Patch-clamp analysis of the Na+-Ca2+ exchange current (INCX) has not yet been performed in zebrafish myocytes. However, Langenbacher et al. (2005) have reported the presence of a NCX1 zebrafish homologue (i.e., NCX1h) in the heart of zebrafish, and knockdown studies indicate a functional role for NCX1 in maintaining normal Ca2+ homeostasis in the zebrafish heart, as discussed below.
The zebrafish heart displays clearly visible contractions and these are frequently used to assess the beating rate of the whole heart. Isolated myocytes of adult zebrafish show clear cross-striations, indicating the presence of sarcomeres (Brette et al., 2008; Nemtsas et al., 2010), but zebrafish ventricular myocytes lack t-tubules (Brette et al., 2008). The latter observation contrasts with ventricular myocytes from mammals. It is thought that t-tubules allow the excitation wave to spread from the cell surface deep into the muscle fibers for efficient release of Ca2+ from the sarcoplasmic reticulum (SR) (for review, see Brette and Orchard, 2003). The lack of t-tubules thus may have consequences for Ca2+ transients, but it is also possible that due to the small diameter of the zebrafish myocytes, t-tubules are not required.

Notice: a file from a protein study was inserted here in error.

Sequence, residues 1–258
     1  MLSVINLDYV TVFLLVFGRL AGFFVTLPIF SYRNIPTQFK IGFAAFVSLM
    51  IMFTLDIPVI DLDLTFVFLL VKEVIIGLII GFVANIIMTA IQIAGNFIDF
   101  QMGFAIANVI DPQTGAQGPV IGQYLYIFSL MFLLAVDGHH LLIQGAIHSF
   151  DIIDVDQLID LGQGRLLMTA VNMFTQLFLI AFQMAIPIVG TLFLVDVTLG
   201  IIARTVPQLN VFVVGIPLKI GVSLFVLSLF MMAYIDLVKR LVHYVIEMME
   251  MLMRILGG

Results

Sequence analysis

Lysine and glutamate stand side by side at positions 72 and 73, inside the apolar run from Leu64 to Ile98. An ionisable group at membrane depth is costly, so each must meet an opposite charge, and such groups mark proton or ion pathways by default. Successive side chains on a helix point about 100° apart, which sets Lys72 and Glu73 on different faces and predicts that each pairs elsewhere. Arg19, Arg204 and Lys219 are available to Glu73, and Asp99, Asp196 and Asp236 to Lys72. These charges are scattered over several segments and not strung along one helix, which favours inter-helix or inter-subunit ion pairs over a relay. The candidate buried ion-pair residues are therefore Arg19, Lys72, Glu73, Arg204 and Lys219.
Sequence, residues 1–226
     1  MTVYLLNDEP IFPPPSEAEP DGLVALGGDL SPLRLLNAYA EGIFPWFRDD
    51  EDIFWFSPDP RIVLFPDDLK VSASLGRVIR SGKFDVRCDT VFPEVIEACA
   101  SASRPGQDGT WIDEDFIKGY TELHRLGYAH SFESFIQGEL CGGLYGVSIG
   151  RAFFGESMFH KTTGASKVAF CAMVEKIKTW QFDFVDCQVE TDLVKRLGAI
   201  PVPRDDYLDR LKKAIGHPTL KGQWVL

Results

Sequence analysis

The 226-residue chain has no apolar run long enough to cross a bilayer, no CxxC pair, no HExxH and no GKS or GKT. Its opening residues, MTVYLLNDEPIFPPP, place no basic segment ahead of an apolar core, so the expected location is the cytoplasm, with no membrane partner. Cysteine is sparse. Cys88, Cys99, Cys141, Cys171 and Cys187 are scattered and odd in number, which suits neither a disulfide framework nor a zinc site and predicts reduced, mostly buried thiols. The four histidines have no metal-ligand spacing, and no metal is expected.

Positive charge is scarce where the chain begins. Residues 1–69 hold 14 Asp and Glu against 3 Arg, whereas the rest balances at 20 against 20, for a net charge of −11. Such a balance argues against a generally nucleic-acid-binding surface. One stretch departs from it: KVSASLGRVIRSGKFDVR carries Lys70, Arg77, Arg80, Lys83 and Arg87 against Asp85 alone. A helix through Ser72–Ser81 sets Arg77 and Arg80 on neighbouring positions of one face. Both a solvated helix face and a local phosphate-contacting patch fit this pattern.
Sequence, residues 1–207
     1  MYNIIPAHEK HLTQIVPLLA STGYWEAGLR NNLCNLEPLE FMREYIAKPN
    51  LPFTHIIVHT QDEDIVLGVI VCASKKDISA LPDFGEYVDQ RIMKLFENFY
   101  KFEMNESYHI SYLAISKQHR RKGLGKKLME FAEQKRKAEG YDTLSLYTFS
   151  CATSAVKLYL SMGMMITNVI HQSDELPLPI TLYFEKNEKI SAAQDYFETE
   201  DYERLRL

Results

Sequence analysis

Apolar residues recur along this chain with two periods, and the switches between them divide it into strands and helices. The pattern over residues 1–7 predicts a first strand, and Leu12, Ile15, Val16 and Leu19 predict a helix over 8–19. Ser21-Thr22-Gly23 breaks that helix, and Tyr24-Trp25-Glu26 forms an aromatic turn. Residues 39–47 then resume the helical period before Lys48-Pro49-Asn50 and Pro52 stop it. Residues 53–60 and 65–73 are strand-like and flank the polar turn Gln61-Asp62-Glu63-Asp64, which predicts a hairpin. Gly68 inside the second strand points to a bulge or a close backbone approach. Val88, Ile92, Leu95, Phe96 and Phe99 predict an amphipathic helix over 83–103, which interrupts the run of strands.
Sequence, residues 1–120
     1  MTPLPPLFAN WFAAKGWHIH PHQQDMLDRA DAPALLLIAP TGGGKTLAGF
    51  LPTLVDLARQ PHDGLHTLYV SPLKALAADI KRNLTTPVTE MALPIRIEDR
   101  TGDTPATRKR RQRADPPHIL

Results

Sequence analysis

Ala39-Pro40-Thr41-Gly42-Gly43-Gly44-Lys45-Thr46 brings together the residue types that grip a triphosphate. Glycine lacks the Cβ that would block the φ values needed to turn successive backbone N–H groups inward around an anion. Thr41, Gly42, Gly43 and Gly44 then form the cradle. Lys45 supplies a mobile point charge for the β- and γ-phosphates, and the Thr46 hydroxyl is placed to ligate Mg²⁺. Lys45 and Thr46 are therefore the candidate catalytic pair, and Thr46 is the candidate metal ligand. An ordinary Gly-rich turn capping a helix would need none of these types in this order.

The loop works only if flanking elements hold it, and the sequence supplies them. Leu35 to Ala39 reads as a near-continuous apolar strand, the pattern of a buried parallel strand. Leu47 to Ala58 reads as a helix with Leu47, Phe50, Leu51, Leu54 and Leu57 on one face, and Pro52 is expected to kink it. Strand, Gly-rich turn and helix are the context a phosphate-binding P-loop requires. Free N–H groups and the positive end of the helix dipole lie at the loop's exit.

Experimentally, Ca2+ transients can be visualized and measured in both single adult myocytes (Zhang et al., 2011) and whole embryonic hearts (Jou et al., 2010). Figure 1C shows a typical example of a Ca2+ transient recorded in an isolated ventricular myocyte (Figure adapted from (Zhang et al., 2011)). In the intact embryonic heart, Ca2+ transients are shorter in atria then in ventricle, and this correlates with the time course of atrial and ventricular APs (Jou et al., 2010; Nemtsas et al., 2010; Wythe et al., 2011). The exact pattern and mechanisms of excitation-contraction coupling in zebrafish myocytes has not yet been studied in detail. In the mammalian myocardium, Ca2+ released from the SR is the main source for generating Ca2+ transients. Compared to mammals, however, the SR in lower vertebrates is underdeveloped, has a lower ability to store and release Ca2+, and has less importance in excitation-contraction coupling [see Xie et al. (2008), and primary refs cited therein]. To assess the role of SR function in generating Ca2+ transients in zebrafish myocytes, Xie and colleagues (2008) recorded Ca2+ transients before and after the addition of caffeine in embryonic hearts. The caffeine-induced depletion of SR Ca2+ increased diastolic Ca2+ levels, as well as Ca2+ transient amplitudes. However, caffeine did not halt the repetitive Ca2+ transients, implying that Ca2+ entry across the sarcolemmal membrane is sufficient for a relatively synchronous and uniform rise in whole cell intracellular Ca2+ concentration. These data thus indicate the presence of a functional SR in zebrafish myocytes, although the effects of caffeine were relatively modest. More recently, Zhang and co-workers (Zhang et al., 2011) performed simultaneous recordings of ICa,L, intracellular Ca2+, and/or measurements of cell shortening in adult zebrafish myocytes. Their findings suggest that ICa,L is the major contributor to the activation of contraction at membrane voltages below 10 mV, whereas the contribution of reversed Na+-Ca2+ exchange becomes increasingly more important at membrane potentials above 10 mV. Crucially, the apparent lesser importance of the SR for excitation-contraction coupling may also make zebrafish myocytes less susceptible to the occurrence of Ca2+ aftertransients and subsequent delayed afterdepolarizations. Indeed, morpholino-mediated knockdown of Serca2-activity caused embryonic lethality in zebrafish embryos due to defects in cardiac contractility and morphology, but no arrhythmias were observed (Ebert et al., 2005). Thus, zebrafish may not be ideal for investigations into Ca2+-modulated arrhythmias, including catecholaminergic polymorphic ventricular tachycardias.